Vidya Ram

British Parliament backs snap poll

Vidya Ram London | Updated on January 15, 2018

British Prime Minister Theresa May

Britain is set to go to the polls on June 8 after an overwhelming majority of MPs backed Prime Minister Theresa May’s call to hold a general election on that date. On Wednesday, 522 MPs voted in favour of the motion.

With just 13 votes against, this easily exceeded the two-thirds threshold needed for the government to be able to overrule legislation that had required elections to be held at regular five-year intervals, beginning in 2015. The vote comes just a day after May caught the country — and most political commentators — off guard with her call for an election, to secure political “unity” as the country prepares for detailed negotiations on exiting the European Union.

The broad contours of the electoral debate likely to unfold in coming months began to emerge during Prime Minister’s Questions and the debate held just ahead of the vote, as leaders and significant figures across the political spectrum sought to clarify their views. May reiterated her reasons for holding an election, insisting that political divisions in Westminster risked weakening Britain’s hand in the negotiations with Europe. The election would enable the parties to “make our respective cases to the country and then to respect the result and the mandate it provides to give Britain the strongest possible hand in the negotiations to come.” She accused Labour of having economic policies that would “bankrupt” the economy.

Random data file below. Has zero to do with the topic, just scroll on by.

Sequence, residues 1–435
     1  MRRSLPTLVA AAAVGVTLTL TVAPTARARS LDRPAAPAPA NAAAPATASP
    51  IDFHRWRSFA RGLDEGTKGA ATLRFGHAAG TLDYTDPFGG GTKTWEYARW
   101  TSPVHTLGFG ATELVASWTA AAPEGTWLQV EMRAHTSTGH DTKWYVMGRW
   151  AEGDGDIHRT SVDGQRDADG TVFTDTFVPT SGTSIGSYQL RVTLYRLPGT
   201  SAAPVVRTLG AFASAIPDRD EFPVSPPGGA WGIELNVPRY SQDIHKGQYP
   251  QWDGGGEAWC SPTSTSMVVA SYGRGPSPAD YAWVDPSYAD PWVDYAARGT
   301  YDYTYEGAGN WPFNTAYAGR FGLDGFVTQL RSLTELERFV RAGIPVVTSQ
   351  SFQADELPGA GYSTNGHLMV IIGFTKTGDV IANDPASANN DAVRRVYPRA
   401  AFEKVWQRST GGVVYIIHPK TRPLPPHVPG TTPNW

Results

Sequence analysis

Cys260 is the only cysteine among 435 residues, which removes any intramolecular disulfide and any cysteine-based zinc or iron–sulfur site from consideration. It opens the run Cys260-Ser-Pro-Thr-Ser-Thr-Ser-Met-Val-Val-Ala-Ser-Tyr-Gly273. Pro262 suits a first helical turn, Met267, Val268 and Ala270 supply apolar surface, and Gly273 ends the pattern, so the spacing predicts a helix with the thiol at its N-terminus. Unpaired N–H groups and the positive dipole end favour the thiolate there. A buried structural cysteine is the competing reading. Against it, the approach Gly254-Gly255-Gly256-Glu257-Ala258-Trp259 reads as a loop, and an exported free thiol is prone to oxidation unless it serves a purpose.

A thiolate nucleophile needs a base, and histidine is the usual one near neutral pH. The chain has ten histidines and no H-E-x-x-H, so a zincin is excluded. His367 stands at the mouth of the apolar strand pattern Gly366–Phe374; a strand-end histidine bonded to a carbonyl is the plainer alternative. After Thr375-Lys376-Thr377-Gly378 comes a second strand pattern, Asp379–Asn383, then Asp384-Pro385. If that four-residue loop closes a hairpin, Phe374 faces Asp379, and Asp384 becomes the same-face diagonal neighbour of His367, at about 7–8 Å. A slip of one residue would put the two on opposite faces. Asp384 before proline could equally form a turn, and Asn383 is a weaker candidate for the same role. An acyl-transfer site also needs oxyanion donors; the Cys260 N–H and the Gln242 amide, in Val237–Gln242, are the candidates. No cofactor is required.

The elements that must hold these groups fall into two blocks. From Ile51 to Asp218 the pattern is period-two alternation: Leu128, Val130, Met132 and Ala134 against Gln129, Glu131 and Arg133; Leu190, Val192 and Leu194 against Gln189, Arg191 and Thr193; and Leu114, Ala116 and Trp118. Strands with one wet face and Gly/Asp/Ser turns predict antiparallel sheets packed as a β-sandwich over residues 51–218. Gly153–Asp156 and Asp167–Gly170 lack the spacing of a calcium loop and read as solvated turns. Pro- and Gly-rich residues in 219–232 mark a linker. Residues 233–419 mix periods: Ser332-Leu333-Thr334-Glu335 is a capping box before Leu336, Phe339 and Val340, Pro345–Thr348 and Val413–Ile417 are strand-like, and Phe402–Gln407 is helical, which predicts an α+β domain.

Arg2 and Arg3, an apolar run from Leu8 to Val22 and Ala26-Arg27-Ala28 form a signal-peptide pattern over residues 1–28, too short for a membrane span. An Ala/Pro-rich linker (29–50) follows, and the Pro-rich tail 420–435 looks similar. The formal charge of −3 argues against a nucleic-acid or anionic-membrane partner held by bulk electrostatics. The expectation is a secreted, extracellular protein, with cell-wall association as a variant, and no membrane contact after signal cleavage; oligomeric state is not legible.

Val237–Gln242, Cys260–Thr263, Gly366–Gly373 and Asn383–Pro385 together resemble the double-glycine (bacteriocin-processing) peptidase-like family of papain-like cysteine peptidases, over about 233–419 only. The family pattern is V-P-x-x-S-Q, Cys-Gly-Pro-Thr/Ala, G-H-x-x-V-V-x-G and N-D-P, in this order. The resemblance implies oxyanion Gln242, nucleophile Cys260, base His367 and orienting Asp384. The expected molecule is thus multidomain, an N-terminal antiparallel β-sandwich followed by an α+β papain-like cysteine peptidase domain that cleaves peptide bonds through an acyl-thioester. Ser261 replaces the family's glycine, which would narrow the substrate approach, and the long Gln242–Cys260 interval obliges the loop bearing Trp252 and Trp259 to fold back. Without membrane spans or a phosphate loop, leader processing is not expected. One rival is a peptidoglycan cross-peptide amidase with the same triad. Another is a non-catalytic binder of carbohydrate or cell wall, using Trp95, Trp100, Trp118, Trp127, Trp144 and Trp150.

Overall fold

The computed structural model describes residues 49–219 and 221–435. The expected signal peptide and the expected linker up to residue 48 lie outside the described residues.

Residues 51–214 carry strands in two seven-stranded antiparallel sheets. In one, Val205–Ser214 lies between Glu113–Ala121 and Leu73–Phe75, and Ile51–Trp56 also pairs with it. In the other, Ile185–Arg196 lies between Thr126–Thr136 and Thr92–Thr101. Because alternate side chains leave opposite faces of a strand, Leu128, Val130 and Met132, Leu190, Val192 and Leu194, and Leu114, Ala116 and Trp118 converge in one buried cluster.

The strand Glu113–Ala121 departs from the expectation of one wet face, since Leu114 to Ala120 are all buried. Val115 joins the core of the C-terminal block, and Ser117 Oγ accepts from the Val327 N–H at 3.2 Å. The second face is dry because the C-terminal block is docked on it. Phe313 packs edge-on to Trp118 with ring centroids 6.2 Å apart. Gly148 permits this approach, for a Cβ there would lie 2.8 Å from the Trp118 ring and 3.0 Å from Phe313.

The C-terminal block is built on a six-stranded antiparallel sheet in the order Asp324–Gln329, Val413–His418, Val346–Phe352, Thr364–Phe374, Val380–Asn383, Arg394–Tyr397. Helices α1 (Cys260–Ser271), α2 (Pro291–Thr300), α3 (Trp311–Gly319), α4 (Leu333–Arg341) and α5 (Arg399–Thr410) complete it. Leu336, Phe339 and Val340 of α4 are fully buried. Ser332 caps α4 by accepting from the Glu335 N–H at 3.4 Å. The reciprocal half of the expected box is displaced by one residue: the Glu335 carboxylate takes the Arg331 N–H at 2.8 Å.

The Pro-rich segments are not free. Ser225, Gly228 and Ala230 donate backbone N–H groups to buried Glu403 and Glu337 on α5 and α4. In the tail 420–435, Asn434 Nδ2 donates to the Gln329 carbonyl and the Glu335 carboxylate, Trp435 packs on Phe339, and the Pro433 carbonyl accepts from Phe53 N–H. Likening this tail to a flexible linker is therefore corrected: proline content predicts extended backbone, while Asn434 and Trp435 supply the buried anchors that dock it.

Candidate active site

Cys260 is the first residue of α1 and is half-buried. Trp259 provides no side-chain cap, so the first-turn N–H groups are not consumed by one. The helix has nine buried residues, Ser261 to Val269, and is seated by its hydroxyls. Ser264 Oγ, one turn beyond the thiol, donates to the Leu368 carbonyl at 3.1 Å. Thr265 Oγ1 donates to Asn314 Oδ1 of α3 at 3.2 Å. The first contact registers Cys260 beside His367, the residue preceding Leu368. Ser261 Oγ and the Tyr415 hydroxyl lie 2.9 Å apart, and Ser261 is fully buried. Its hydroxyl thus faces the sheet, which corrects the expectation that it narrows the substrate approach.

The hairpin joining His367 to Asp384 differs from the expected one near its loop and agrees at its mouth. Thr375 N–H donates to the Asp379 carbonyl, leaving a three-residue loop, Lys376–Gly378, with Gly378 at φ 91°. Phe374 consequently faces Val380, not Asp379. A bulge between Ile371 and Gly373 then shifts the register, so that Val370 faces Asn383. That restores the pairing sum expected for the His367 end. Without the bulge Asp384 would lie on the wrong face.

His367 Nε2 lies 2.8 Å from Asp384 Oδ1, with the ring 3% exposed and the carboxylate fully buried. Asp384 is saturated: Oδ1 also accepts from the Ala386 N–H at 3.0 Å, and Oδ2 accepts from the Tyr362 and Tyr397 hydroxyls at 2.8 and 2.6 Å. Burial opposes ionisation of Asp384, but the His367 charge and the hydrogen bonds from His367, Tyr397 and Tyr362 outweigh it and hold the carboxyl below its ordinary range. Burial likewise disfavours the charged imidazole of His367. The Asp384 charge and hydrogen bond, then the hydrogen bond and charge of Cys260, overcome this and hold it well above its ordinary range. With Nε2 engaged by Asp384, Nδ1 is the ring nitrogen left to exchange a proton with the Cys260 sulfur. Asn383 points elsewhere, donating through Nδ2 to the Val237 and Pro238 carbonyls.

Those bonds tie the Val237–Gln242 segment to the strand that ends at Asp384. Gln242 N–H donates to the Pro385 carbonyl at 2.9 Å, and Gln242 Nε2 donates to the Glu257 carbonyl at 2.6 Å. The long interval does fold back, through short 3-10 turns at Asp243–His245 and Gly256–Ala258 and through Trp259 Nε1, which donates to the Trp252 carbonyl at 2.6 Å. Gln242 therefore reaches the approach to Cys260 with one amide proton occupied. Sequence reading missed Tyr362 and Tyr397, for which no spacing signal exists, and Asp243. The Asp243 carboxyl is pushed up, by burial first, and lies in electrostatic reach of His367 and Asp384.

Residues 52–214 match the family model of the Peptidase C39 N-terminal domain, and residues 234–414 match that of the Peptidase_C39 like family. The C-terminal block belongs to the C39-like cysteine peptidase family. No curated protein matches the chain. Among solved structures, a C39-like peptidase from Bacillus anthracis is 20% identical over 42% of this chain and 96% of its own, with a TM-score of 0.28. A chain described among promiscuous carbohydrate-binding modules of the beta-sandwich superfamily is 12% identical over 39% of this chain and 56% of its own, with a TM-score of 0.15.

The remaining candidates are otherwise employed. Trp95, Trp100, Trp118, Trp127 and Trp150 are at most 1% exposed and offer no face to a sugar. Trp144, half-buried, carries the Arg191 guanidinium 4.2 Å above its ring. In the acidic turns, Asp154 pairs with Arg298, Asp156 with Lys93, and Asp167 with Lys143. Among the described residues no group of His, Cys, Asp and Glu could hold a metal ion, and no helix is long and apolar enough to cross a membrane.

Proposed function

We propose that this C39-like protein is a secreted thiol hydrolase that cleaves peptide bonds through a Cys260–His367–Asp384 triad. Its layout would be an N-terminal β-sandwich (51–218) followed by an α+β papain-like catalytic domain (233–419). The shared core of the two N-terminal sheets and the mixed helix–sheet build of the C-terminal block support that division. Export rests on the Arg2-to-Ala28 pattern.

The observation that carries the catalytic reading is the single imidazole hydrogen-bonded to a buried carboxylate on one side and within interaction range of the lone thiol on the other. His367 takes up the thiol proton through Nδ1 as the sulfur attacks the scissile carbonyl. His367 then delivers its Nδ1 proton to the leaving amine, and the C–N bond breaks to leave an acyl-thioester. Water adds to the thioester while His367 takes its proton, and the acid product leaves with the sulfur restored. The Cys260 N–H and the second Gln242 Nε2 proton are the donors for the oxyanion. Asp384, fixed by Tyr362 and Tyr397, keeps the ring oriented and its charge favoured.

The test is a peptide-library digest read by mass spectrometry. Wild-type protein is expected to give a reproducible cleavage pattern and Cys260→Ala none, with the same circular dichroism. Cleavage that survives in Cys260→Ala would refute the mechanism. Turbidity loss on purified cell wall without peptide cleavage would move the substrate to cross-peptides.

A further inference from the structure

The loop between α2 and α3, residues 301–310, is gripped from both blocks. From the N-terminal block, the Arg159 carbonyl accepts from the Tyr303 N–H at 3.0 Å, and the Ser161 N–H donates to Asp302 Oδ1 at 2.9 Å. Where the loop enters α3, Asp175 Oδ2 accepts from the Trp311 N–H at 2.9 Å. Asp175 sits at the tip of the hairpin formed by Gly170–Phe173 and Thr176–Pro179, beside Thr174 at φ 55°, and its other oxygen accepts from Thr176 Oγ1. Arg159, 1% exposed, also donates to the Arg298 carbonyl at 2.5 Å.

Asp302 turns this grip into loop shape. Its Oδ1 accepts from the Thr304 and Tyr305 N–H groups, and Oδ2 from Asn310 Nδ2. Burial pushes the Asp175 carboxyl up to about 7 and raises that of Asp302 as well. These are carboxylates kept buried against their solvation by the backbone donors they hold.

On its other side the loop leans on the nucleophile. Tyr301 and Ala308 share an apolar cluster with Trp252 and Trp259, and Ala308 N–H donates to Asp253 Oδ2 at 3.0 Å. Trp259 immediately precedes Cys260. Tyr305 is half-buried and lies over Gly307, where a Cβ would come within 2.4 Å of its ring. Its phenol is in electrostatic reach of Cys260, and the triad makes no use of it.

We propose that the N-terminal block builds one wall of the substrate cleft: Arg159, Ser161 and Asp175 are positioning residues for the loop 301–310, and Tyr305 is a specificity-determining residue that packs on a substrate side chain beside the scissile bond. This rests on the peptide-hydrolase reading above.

Labour, on the other hand, sought to play on the U-turn made by May over the holding of a general election. Just last month, her official spokesperson categorically insisted that no election would take place. “This is a Prime Minister who promised that there wouldn’t be one. A Prime Minister who cannot be trusted,” said Labour Leader Jeremy Corbyn. “We welcome the opportunity of a general election because it gives the British people the opportunity to vote for a Labour government that will put the interests of the majority first,” as he attacked government policy on health, education and welfare. “Why are there tax giveaways to the richest corporations while our children’s schools are starved of the resources they need to educate our children for the future?”

The Liberal Democrats attacked the Prime Minister’s decision to rule out taking part in televised debates ahead of the election. “This election can change the direction of our country, from the consequences of a potential hard Brexit outside the single market to the future of our NHS and social care, our schools and our environment,” said Liberal Democrat leader Tim Farron. “What is she scared of,” he asked.

Recent polls have given the Conservatives a comfortable lead: one conducted by YouGov on the 12-13 April found that 44 per cent supported the Conservatives, against 23 per cent for Labour and 12 per cent for the Liberal Democrats.

Published on April 19, 2017

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